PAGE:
H.323: International Telecommunications Union (ITU) accepted in 1996. Designed to carry multimedia over Integrated Services Digital Network (ISDN) Based or modeled on the Q.931 protocol Cryptic messages based in binary Designed as a peer-to-peer protocol so each station functions independently More configuration tasks Each gateway needs a full knowledge of the system Can configure a single H.323 Gatekeeper that has all system information Each end system can contact the gatekeeper before making a connection Gatekeeper can perform Call Admission Control (CAC) to determine if resources are available before a call is accepted Gatekeeper and Gateway can be the same device
SIP: SIP was designed by the IETF as an alternative to H.323 SIP is a single protocol whereas H.323 is a suite of protocols as FTP is a single protocol within the TCP/IP protocol suite SIP is designed to set up connections between multimedia endpoints Uses other protocols (UDP, RTP, TCP….) to transfer voice or video data Messaging is in clear ASCII text Vendors can create their own add-ons to the SIP protocol SIP is still evolving SIP is destined to become the only voice and video protocol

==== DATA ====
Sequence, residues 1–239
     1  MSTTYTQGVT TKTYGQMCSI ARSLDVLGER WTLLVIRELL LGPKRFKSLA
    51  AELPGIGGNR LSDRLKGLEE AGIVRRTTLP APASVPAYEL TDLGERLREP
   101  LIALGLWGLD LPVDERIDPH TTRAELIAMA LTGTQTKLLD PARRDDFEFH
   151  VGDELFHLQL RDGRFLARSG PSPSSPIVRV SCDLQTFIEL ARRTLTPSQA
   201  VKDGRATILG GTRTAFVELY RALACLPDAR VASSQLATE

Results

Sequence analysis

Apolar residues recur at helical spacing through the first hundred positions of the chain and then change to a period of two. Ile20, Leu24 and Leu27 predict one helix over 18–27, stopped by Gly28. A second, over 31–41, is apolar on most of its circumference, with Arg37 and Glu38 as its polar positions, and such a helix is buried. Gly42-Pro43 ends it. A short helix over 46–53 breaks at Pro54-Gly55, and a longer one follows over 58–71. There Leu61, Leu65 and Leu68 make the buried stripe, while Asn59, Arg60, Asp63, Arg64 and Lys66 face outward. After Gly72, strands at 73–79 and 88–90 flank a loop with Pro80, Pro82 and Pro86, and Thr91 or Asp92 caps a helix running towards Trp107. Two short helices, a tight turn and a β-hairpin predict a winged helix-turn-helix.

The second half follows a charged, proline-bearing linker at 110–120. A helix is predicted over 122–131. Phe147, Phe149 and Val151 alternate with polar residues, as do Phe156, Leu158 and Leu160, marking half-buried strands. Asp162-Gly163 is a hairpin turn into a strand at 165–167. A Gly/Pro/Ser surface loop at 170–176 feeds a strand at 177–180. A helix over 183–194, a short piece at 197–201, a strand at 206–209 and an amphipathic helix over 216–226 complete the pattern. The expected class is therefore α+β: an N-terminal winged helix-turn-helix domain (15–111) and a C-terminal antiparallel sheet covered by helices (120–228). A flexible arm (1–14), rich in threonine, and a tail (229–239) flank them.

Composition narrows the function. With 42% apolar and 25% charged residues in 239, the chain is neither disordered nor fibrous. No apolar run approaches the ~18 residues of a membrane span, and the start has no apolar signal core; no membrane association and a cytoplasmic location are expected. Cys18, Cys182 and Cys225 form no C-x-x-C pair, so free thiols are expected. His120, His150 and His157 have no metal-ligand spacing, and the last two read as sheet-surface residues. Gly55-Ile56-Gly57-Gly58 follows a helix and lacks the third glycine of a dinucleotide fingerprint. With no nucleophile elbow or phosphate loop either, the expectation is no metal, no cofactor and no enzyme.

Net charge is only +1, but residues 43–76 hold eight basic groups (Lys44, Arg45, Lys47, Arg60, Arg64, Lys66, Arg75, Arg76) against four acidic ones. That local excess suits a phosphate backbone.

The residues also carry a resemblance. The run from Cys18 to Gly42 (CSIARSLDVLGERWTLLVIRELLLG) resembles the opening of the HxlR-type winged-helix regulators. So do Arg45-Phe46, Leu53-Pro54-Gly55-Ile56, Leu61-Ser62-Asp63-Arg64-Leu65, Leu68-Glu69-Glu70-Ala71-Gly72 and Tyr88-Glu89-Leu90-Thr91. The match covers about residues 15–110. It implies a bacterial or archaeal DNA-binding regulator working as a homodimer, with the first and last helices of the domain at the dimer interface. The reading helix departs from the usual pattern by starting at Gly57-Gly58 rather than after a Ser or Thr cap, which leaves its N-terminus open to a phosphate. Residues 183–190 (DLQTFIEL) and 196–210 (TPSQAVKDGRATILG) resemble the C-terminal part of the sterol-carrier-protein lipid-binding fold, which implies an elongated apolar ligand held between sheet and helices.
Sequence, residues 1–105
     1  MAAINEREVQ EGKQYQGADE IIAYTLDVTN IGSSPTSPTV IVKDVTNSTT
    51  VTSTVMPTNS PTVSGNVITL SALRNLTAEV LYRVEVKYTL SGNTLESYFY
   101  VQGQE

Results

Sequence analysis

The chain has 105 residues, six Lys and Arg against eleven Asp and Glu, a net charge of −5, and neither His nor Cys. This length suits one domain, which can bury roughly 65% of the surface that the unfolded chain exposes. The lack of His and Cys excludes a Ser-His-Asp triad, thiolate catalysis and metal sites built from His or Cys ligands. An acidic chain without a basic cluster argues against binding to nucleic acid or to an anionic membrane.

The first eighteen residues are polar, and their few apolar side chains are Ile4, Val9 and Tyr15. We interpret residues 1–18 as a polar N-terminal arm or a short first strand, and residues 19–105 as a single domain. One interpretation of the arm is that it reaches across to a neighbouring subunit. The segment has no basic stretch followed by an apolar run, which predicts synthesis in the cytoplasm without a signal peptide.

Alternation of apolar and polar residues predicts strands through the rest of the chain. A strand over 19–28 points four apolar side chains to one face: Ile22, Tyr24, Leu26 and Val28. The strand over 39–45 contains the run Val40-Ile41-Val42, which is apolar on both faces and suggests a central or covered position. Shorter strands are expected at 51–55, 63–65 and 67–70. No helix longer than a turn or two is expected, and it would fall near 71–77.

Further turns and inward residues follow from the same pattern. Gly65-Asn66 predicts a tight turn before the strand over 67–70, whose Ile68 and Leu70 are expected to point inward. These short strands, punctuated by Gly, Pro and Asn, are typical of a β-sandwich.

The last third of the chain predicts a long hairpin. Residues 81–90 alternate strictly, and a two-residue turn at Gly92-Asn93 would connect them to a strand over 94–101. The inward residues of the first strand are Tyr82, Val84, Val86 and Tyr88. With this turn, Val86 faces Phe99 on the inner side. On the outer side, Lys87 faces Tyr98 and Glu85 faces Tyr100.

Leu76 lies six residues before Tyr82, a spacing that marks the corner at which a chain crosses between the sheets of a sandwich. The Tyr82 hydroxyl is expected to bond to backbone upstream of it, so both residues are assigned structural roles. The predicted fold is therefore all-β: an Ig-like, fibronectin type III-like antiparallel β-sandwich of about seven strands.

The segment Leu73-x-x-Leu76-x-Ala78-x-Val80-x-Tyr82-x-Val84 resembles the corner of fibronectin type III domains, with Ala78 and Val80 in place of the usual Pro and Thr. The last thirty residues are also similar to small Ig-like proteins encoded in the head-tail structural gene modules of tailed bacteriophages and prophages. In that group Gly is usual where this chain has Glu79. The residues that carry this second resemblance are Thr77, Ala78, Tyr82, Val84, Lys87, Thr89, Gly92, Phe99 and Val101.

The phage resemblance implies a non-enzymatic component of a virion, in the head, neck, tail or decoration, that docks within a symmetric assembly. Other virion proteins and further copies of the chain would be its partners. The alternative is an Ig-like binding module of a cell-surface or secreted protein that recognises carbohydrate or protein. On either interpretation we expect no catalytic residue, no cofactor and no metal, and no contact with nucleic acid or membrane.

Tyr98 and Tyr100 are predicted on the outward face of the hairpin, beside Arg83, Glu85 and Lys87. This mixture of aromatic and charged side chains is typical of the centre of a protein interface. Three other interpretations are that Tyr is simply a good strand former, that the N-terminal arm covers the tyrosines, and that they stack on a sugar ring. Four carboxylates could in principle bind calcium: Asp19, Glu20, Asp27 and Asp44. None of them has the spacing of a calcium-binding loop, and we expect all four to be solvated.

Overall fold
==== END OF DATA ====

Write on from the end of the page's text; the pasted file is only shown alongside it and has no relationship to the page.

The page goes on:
MGCP: IETF standard with developmental aid from Cisco All devices under a central control Voice gateway becomes a dumb terminal Allows minimal local configuration Single point of failure Uses UDP port 2427
SCCP: Often called skinny protocol Cisco proprietary Similar to MGCP in that it is a stimulus/response protocol Allows Cisco to deploy new features in their phones Cisco phones must work with Cisco systems (CME, CUCM,CUCME…) Cisco phones can also use other protocols such as SIP or MGCP with downloaded firmware